is $100. The fine is $25 and the court costs are $75. The fine for a helmet
violation for a passenger is $10… there are no court costs for passenger
helmet-violations. If you appear in court to defend against the citation, and
are found guilty, it still costs the same… However, if you challenge the
citation and win, it costs you nothing.
We are not attorneys, however, in a CBA/ABATE independent review of the
language in GS 20-140.4 (a) we find it to be unconstitutionally vague and,
to the Supreme Court of the United States: “It is a basic principle of due
process that an enactment is void for vagueness if its prohibitions are not
clearly defined. Vague laws offend several important values. First, because we
assume that man is free to steer between lawful and unlawful conduct, we insist
that laws give the person of ordinary intelligence a reasonable opportunity to
know what is prohibited, so that he may act accordingly. Vague laws may trap the
innocent by not providing fair warning. Second, if arbitrary and discriminatory
enforcement is to be prevented, laws must provide explicit standards for those
who apply them. A vague law impermissibly delegates basic policy matters to
policemen, judges, and juries for resolution on an ad hoc and subjective basis,
with the attendant dangers of arbitrary and discriminatory application.”
Grayned, v City of Rockford (1971)
in order for a law to be constitutional, an average person of reasonable
intelligence must be able to answer the following question: “What is Federal
Motor Vehicle Safety Standard (FMVSS) 218, and how can I ensure that I comply
with it?” Having reviewed FMVSS 218 criterion and procedures, we find that:
a) FMVSS 218 is a manufacturing standard understood only by engineers and the
b) FMVSS 218 is not a consumer law;
c) The average person of reasonable intelligence cannot possibly ensure
d) Law enforcement officers are not capable of roadside testing of safety
helmets to ensure compliance.
Therefore, on behalf of the motorcycling community of North Carolina CBA/ABATE
of NC respectfully requests:
If you have been cited for a helmet violation, please take your citation to
court and defend yourself against this vague, unenforceable, discriminatory and
dangerous law. CBA/ABATE of NC has developed a team of freedom loving
individuals who are willing to help you prepare for a court appearance.
CBA/ABATE chapter in NC is designating a chapter project liaison to manage
materials, educate riders, and collect information from cited members and other
riders in their communities who choose to pursue a defense against citations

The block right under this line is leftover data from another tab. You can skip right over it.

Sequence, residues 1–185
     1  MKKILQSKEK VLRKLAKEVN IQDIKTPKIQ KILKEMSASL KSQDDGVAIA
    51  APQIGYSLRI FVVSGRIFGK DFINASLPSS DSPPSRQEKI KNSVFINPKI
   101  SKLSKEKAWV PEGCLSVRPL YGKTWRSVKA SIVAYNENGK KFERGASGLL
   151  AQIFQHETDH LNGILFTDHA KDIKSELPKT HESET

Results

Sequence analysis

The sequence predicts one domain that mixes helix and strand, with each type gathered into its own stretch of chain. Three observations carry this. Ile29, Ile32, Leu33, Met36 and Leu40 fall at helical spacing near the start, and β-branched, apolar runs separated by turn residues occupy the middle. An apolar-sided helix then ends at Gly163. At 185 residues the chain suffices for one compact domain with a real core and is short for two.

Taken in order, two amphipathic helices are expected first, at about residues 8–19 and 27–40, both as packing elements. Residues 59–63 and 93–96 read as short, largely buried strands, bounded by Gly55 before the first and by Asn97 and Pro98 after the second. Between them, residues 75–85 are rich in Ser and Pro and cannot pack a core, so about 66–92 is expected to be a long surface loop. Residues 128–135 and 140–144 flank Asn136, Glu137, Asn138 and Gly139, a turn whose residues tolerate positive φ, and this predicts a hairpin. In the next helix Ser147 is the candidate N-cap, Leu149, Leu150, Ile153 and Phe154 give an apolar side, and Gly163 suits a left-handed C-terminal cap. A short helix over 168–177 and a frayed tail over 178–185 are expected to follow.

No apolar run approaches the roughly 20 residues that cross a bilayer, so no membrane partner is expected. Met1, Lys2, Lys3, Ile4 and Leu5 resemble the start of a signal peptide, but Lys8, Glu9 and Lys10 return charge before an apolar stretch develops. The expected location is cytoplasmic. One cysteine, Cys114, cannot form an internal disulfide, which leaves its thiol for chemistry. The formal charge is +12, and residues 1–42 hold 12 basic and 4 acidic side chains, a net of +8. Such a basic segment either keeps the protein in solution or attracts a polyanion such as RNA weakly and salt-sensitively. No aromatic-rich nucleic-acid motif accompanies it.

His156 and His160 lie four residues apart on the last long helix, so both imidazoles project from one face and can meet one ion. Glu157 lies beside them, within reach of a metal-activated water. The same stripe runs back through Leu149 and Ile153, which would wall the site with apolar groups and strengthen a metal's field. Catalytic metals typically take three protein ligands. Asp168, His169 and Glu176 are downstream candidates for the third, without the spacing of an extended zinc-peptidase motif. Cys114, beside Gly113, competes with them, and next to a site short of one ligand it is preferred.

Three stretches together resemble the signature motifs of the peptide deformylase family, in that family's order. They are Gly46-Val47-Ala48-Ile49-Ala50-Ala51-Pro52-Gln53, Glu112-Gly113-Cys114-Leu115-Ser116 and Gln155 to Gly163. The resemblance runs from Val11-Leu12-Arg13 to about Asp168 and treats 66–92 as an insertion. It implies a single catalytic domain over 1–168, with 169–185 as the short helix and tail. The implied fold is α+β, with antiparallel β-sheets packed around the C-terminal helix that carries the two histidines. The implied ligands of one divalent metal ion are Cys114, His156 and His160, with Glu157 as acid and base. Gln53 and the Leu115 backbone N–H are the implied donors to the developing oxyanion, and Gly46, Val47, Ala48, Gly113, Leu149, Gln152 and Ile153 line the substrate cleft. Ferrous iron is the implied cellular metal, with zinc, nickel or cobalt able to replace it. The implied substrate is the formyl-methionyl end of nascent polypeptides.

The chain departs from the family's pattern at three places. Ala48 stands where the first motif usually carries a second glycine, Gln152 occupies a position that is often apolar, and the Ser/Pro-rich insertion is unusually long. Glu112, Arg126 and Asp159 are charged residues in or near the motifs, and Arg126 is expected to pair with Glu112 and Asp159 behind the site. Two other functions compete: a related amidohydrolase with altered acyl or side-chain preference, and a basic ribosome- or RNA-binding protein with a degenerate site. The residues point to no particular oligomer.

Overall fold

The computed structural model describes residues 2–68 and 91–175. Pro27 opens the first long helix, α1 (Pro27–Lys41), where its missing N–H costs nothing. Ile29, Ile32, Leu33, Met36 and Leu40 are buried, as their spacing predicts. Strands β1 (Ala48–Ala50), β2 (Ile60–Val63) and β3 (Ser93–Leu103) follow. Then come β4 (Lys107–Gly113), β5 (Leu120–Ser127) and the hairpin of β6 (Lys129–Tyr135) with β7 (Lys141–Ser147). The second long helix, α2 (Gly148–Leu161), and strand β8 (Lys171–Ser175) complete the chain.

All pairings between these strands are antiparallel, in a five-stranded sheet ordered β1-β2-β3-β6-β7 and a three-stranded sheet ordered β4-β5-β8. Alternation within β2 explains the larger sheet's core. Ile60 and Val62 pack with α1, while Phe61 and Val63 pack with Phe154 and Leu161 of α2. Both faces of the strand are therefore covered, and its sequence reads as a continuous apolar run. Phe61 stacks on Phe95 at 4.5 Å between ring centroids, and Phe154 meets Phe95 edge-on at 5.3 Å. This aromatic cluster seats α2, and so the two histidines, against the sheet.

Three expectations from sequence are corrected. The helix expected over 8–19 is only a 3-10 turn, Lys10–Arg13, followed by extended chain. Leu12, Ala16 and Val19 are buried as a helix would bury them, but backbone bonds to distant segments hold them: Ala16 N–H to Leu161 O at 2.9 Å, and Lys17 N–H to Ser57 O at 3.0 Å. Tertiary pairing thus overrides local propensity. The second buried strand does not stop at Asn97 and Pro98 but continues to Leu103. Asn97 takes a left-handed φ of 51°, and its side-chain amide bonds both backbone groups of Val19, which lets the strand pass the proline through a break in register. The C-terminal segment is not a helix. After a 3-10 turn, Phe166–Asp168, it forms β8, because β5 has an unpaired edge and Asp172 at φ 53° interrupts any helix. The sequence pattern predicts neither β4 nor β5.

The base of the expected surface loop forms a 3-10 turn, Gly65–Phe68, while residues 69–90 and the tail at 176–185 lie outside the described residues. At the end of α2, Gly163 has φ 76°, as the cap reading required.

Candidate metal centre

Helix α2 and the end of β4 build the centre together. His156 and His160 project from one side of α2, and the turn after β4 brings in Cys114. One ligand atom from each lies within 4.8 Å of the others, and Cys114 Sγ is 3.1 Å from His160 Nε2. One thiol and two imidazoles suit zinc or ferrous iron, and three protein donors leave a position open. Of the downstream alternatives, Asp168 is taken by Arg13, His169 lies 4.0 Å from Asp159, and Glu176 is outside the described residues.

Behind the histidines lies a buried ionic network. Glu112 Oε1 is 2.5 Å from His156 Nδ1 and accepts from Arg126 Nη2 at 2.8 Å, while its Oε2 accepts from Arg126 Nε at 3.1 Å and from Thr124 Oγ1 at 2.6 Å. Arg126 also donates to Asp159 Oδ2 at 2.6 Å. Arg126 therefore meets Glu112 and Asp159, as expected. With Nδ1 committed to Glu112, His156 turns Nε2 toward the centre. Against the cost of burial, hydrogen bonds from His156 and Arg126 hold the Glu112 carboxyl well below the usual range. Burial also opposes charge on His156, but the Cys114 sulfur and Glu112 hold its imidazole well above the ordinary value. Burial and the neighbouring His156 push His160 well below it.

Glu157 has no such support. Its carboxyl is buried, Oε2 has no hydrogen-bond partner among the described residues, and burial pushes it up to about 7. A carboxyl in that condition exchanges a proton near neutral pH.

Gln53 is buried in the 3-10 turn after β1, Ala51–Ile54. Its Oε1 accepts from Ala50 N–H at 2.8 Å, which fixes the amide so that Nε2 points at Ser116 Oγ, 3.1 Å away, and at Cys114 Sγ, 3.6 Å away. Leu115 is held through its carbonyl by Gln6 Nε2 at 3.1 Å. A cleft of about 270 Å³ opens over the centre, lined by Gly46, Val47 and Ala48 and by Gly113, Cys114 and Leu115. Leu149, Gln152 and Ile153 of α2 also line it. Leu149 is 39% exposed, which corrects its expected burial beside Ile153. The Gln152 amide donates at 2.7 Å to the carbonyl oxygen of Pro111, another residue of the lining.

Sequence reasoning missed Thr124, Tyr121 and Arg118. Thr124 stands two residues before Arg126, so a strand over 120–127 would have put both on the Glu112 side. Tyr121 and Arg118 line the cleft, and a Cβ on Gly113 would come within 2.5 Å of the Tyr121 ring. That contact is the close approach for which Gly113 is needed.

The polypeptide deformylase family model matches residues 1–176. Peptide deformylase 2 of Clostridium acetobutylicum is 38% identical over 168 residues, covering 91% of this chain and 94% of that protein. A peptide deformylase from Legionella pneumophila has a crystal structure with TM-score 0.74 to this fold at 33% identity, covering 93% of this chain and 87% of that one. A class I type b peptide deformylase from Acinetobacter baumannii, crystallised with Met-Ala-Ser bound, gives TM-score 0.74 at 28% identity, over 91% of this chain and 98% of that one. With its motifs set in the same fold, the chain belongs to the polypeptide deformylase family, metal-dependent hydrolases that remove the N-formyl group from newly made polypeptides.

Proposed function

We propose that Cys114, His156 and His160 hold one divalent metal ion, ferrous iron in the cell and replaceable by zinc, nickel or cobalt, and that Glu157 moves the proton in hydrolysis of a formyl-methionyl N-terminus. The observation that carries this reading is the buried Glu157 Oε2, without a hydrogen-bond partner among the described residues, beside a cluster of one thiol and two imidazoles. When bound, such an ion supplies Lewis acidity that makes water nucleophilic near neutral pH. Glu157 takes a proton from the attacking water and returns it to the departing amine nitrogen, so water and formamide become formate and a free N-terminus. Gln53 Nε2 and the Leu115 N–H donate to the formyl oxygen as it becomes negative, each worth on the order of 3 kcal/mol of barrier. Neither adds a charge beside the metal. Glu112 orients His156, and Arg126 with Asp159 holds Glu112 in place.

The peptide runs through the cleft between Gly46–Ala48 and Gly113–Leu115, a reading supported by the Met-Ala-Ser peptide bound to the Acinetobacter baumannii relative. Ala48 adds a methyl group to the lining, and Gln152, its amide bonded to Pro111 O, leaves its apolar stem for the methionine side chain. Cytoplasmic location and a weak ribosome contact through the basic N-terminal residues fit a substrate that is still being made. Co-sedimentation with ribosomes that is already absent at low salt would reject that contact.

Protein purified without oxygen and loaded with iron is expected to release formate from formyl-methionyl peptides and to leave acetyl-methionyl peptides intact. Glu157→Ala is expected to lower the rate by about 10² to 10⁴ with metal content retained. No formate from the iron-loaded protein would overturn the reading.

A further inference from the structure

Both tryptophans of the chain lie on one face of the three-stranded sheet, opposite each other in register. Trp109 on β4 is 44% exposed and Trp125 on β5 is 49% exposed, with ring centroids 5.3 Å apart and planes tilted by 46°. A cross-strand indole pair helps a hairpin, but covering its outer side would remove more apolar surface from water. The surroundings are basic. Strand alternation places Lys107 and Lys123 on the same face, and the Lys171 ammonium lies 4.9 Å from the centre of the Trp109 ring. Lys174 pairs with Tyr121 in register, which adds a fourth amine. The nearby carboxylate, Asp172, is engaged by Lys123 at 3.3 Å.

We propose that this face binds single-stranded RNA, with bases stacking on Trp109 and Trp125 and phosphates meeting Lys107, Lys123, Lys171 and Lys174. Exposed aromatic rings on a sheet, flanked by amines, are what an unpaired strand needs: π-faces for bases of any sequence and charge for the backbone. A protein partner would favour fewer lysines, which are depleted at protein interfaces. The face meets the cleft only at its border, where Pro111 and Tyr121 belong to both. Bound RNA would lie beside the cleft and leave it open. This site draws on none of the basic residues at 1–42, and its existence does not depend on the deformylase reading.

issued under the parameters of this oppressive law.
Members of the HCDP are scheduling presentations at CBA/ABATE chapter meetings,
and will entertain invitations to meet with any motorcycle organization to,
share ideas, materials, and help to coordinate your organization’s activities.
However, please keep in mind the following:
The materials created by the Team were developed using legal arguments and
materials that have demonstrated success in North Carolina Courts. The new law
(requiring DOT FMVSS 218 compliant helmets) goes into effect in January. We are
continually reviewing precedent setting cases from other states, and modifying
our legal strategy as appropriate.
the meantime, if you are stopped for a suspected helmet law violation, here are
some things to remember:
1. Don't volunteer any information. Avoid chit-chat, as you may say the wrong
2. Always refer to your headgear as a "safety-helmet".
3. Do not admit knowledge of committing any violation.
4. If questioned, tell the officer you believe your helmet complies with current
5. Ask the reason you were pulled over (articulable suspicion).
6. Ask the officer exactly how and why he concluded the helmet law had been
7. If threatened with being detained; Ask what legal authority there is to
prevent you from proceeding without a different helmet, and/or for impounding
the bike – "Officer, would you impound my car or prevent me from leaving if my
tailight was out?"
8. If the officer continues to detain you, Ask the officer, "Am I under arrest?"
9. Remember to be respectful and courteous. In the majority of traffic stops,
the officer is just doing his job... enforcing the law.
10. As soon as possible, after departing the scene, pull over and write the
details of the incident down. Call 919-662-6229 and report the incident.
find out more about the Helmet Citation Defense Project and/or schedule a
presentation for your motorcycle organization contact any member of your local
CBA/ABATE chapter or contact Bill Starnes at:
lifestyle, YOUR decision, and YOUR Freedom.